Author: Jessica Gelzer
On Saturday, April 4, Jonathan Kozol spoke at Oxy as the 3rd annual speaker for Phi Betta Kappa, an academic honors society. Kozol is an author of several books regarding the public school system in the United States. He is most famous for his book, Savage Inequalities, about the disparities that exist between schools because of racial segregation, the book has become standard reading for education students. His latest book is Letters to a Young Teacher, which Kozol has been told is his most cheerful book to date.
“I am interested in education reform. I started reading his books [during my] sophomore year at Oxy,” Sarah Yadali (junior) said.
Held in Johnson 200, the room was overflowing with Occidental students, Occidental Alumni and community members, some of which were teachers and school administrators. Eager to hear his words, people stood in the back of the room for the hour and a half event.”One of my most favorite places in the United States is Occidental College. I love energetic spirit of Occidental students,” Kozol said.
Kozol went to Harvard as an English literature major studying under renowned authors like Archibald MacLeish. Awarded a Rhodes Scholarship, Kozol went to Europe, sure he would return to the United States to be a professor of English literature. Instead, to the dismay of his parents he became a fourth grade teacher in a poor, black neighborhood of Boston. He was inspired to do so after hearing Dr. Martin Luther King speak.
This mention of Dr. King coincided with the anniversary of his death. “I still remember his voice, the perspiration on his brow and his words. Dr. King did not say I have a dream that one day we will have unequal schools. He did not say, I have a dream that the schools will have regimented lines of children chanting self help slogans. Instead, Dr. King said I have a dream that one day all the little black kids and white kids will sit together.”
The remainder of his talk articulated the unfairness he has witnessed throughout the school system, namely the discrepancy that exists between the quality of white education and that for Black and Hispanics. According to Kozol, the racial discrepancies in education have worsened since the civil rights movement. Kozol said that the dropout rate has tripled, most notably for minority students, in the past 30 years.”We are not even up to the standard of Plessey. He said separate is okay, as long as its equal,” Kozol said.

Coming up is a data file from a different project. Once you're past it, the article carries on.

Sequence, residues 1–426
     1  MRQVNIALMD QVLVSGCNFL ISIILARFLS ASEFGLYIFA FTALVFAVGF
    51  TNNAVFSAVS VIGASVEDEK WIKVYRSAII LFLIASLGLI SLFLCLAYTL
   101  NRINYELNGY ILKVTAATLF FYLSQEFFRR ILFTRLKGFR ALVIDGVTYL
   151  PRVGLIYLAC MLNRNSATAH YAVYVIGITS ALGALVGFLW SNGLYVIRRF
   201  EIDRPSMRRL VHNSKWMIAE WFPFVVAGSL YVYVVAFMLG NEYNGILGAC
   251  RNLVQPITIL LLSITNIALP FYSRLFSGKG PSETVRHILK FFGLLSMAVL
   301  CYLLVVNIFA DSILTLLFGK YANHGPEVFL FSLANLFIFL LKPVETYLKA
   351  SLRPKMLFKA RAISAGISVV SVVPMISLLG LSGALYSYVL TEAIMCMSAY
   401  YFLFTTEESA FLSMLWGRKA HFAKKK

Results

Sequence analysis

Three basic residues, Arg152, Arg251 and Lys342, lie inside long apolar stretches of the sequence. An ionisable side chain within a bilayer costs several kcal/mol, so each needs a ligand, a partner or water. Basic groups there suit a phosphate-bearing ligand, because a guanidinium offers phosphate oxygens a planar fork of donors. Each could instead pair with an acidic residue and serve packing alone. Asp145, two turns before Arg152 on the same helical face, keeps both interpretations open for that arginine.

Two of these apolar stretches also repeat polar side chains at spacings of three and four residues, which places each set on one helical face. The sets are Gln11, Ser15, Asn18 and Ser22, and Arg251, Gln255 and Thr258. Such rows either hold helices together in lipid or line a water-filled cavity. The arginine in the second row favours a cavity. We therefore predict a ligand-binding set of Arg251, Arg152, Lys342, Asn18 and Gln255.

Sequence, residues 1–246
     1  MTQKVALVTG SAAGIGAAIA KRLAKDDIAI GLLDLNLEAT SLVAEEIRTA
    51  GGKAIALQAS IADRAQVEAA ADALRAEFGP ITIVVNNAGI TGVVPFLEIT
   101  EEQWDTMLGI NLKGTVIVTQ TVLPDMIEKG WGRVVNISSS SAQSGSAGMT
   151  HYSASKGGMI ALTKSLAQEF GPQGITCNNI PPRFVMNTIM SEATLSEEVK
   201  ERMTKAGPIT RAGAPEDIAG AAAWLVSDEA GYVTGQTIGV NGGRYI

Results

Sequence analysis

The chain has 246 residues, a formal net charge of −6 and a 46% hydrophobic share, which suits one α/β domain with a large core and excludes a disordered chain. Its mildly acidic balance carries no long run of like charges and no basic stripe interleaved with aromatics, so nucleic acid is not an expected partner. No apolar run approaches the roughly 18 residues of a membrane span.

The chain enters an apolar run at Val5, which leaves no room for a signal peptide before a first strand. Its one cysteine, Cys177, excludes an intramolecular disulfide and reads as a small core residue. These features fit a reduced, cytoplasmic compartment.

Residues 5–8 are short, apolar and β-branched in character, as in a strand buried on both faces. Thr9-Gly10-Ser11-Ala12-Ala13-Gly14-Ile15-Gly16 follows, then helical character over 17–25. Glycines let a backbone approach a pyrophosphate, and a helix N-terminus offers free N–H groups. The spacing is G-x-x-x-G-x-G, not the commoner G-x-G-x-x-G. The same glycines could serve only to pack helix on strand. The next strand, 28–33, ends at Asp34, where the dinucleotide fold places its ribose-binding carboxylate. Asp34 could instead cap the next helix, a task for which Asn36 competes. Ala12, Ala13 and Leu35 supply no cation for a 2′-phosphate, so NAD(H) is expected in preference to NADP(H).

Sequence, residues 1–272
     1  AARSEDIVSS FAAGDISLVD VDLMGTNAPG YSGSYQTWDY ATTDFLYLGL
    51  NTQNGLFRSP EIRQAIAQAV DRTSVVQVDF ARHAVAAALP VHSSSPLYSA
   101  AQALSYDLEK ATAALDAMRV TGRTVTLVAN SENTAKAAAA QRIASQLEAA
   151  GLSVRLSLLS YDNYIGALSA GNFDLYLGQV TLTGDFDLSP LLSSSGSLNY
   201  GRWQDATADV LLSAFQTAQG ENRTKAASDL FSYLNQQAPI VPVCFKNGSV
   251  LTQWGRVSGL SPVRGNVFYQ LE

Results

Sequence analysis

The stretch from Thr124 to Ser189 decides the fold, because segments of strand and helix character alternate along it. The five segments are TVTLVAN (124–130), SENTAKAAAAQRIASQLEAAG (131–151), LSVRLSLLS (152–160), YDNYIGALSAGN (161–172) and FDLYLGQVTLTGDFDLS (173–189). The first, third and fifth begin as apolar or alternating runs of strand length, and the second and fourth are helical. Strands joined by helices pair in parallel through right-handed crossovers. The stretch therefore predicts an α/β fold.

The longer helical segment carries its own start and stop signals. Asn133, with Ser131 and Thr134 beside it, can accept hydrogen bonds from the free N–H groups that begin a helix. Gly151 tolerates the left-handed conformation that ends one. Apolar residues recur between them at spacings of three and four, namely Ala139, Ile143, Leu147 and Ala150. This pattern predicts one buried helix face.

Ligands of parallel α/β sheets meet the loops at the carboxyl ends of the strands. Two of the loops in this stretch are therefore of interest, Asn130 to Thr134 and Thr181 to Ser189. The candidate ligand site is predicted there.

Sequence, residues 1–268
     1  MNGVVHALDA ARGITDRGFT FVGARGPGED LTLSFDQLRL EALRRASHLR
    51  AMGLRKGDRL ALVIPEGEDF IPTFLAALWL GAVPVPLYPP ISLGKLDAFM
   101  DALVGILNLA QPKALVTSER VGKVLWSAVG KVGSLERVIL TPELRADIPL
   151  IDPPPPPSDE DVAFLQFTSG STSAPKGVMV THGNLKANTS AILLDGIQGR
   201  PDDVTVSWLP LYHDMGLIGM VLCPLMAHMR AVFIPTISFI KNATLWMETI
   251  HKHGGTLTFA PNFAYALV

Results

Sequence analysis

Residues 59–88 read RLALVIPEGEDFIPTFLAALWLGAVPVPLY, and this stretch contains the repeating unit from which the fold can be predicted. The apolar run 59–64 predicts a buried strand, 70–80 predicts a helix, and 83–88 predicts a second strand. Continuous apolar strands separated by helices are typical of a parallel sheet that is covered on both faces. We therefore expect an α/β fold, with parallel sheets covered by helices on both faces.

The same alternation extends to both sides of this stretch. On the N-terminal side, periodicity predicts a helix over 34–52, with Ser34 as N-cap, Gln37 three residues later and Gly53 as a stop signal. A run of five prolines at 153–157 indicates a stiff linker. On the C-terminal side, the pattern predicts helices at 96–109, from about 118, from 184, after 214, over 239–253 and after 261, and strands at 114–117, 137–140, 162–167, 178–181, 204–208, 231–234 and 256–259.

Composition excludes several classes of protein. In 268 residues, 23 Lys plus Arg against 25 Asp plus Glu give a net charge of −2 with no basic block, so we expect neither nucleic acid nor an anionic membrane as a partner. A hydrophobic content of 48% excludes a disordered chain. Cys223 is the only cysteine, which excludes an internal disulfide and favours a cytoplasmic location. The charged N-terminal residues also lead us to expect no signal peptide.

He spoke of his belief that young children should be allowed some merriment in their education as opposed to rigidity that exists. Children are regarded as “economic assets,” and “products of the school system” instead of little people entitled to happiness. He even hinted at dismay for Charter Schools when talking about, “private entrepreneurs invading the public sector.” These all promote high stakes tests for children.”Why should children be accountable to high stakes tests when they can’t hold the leaders of our country accountable to give them what they gave their children?” Kozol said. The audience erupted in applause.
One of the many anecdotes that Kozol told was about the late, Mr. Fred Rogers, better known as Mr. Rogers from the television show, Mister Roger’s Neighborhood. Kozol was a friend of his, and one day Mr. Rogers asked to come with him to one of the classrooms he observes in a low-income area. One of the children was very excited to see him. The child said, “Welcome to my neighborhood Mr. Rogers.”
Later, Mr. Rogers told Kozol, “The problem is we don’t welcome him to ours.”
After the talk ended, Jonathon Kozol told the students of Oxy to push Obama to pay attention to the school system, there was a standing ovation.
“He has been inspirational,” Lauren Lee (junior) said.Kozol stayed after to sign books and answer questions.
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